Biographies

Sister Bernice Babin, MM

Born: August 5, 1916
Entered: August 5, 1941
Died: August 9, 2015

We gather here today to celebrate, with joy and sadness, the long, full life, in Maryknoll and in ministry of our dear friend Sister Bernice Babin.

Bernice was born in Frenchville, Maine to Joseph Babin and Eulalia Labbe Babin. She was the oldest of five children. Bernice had one brother, Patrick, and three sisters, Jeannine, Rita, and Irene. She entered Maryknoll on her birthday August 5, 1941. Six months later she was formally received and took the religious name Sr. Rose Claire. Over the years, many of us knew her as a very pleasant, active person, concerned for others and always ready to help wherever there was a need. We knew her as a person much loved and appreciated by the many people with whom she lived and worked in her multiple mission assignments. Bernice was admitted to the hospital on August 1, after an injury, and spent her 99th birthday in the hospital. As she became weaker she returned here to Maryknoll and on the morning of Sunday, August 9, she quietly returned to the God she so loved.

When reminiscing about her vocation, Bernice said she had been searching for a community for some time and was rather undecided. She then heard about Maryknoll, came to visit and just knew Maryknoll was where she belonged. She arrived at Maryknoll to begin her mission 74 years ago last Wednesday.

Bernice’s first assignment in 1946 was to our hospital in Riberalta, Bolivia, where she worked as a dietitian for seven years. A short time after her arrival she made her Final Profession. Sr. Mercy, her superior, wrote:“Sister Rose Claire has been here only a short time but already she has endeared herself to all.”

After Riberalta she spent three years in Houston, Texas working in catechetics; one year at Queen of the World Hospital in Kansas City, where she was licensed as a LPN; and two years at Bethany as a nurse. She worked in Chicago for eight years in catechetics followed by three years in Huehuetenango, Guatemala in pastoral work. Her mission work brought her ever further south to Chile where she spent the next 16 years in the small town of Licanten. When she told the bishop she thought it was time to move on and that she was leaving for service at the Center, a very unhappy Bishop wrote to the Maryknoll Leadership asking that she remain there since her work was so valuable to the diocese. But Bernice encouraged by our leadership team prevailed in her belief that as a missioner it was time to have others continue the pastoral service there. She enjoyed numerous farewell parties and in a public ceremony in the town received a commemorative plaque from the municipality for her “immense spirit of service and commitment to the people of this country”. She then came to Maryknoll where she spent three years helping out in Center Health Services.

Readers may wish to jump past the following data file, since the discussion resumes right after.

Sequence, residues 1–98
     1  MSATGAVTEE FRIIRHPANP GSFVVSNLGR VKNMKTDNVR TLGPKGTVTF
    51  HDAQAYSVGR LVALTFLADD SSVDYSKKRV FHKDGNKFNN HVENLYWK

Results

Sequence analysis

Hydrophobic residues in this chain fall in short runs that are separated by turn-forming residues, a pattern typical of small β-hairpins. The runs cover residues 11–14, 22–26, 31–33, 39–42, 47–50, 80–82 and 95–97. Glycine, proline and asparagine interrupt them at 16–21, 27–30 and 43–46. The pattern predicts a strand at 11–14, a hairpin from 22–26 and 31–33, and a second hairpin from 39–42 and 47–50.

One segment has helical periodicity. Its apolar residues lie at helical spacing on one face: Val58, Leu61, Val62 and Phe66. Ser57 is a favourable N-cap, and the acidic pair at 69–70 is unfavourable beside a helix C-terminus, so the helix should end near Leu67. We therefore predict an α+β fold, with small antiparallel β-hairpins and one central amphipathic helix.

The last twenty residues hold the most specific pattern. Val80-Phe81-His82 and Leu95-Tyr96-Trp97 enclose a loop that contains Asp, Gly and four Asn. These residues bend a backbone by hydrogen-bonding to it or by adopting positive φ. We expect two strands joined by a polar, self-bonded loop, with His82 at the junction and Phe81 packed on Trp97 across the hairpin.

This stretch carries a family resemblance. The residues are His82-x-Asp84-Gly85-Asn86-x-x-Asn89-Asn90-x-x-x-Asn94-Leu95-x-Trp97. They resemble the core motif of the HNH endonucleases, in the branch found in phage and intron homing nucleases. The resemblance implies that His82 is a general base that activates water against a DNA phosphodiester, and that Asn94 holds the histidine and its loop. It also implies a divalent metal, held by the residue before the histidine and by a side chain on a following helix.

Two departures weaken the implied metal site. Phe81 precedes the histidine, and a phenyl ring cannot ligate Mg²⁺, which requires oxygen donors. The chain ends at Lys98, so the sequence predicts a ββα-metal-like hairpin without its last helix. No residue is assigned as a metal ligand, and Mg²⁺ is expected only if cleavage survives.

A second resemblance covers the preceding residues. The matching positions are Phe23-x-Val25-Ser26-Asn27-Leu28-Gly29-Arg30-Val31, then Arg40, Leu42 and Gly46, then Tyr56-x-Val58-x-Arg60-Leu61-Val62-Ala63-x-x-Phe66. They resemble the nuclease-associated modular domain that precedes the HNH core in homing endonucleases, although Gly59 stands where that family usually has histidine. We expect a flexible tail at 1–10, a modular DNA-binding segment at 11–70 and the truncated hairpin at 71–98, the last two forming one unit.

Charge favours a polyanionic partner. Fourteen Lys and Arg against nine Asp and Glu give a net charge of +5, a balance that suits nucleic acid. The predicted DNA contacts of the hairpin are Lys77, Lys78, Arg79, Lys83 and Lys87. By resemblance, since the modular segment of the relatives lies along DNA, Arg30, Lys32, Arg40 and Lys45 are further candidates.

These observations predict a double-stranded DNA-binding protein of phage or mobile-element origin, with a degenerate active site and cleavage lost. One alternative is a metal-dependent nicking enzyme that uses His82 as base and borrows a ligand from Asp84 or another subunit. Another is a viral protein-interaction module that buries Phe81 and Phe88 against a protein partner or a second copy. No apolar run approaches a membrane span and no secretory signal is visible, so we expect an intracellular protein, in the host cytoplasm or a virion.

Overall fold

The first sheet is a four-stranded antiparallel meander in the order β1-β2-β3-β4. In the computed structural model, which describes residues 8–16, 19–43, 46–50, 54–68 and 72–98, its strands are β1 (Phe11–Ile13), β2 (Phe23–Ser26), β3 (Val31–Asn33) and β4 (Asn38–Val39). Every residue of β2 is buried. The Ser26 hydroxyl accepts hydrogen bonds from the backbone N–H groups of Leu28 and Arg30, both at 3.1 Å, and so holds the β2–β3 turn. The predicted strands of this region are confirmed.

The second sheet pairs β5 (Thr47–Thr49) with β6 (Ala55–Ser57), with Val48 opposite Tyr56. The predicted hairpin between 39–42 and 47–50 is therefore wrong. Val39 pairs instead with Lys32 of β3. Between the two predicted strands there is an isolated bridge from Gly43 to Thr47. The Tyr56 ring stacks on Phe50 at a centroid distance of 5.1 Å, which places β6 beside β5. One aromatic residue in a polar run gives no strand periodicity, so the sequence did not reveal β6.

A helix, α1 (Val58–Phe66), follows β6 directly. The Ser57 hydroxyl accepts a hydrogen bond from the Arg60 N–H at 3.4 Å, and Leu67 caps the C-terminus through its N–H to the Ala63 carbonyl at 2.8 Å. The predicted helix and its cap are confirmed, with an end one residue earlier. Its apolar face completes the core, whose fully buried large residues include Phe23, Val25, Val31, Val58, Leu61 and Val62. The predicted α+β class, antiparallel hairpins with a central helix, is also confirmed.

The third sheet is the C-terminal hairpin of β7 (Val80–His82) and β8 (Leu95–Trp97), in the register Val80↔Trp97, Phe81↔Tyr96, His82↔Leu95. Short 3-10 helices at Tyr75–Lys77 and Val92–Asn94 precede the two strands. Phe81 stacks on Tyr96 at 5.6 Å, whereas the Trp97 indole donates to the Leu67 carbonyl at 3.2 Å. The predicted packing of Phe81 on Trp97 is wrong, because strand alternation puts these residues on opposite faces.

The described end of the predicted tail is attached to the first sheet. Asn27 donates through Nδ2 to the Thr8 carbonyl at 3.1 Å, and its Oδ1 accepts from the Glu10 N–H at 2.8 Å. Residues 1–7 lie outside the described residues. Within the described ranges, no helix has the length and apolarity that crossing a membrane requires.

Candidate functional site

In 1987 she returned to Chile where a very grateful Bishop invited Bernice, and her long-time companion, Sr. Roseann Hanley, to the small country town of Rauco. She soon learned that it was going to be a difficult place to work. Due to frequent conflicts with the pastor and his policies, the parishioners were sharply divided. Bernice as usual brought her gentle calming ways and in spite of the difficult situation, began her pastoral work there. She gently insisted that her desire was to be of service to all the people of God. Four years later, at her Golden Jubilee Mass in 1991, the Bishop thanked her in his homily and called her a true peacemaker.

In 2006, after 19 years in the parish and 35 in Chile, Bernice, 90 years young, wrote that she had “talked it over with the sisters in the region and all the people we have learned to love and live with for so many years and with sadness they agree” that her time of service to Chile had ended. Again she was celebrated in the town and the outlying areas. Gratitude was expressed to a beloved friend they characterized as “a loving spirit like a gentle breeze.” She returned to Maryknoll where she spent these last nine years generously helping out in Treasury.

I would like to close this short summary of her Maryknoll life with a quote from a letter written by Bernice to our leadership team a few days after her golden jubilee in Chile. I think it expresses very well her life and her spirit.

She wrote: “How I wish you had all been here. It was a feast for the whole pueblo, a day to remember… I want to thank God – for all he has done for us, to have been called to Maryknoll and to work here in the diocese of Talca. I want to thank all who celebrated my jubilee with me here in Chile and all of you who were with us in prayer.”

We extend our sympathy to Sister Bernice’s sister, Irene and husband Charles who are here with us today. We also welcome and thank our brother, Father Gerald Persha, who will preside at our Memorial Mass today.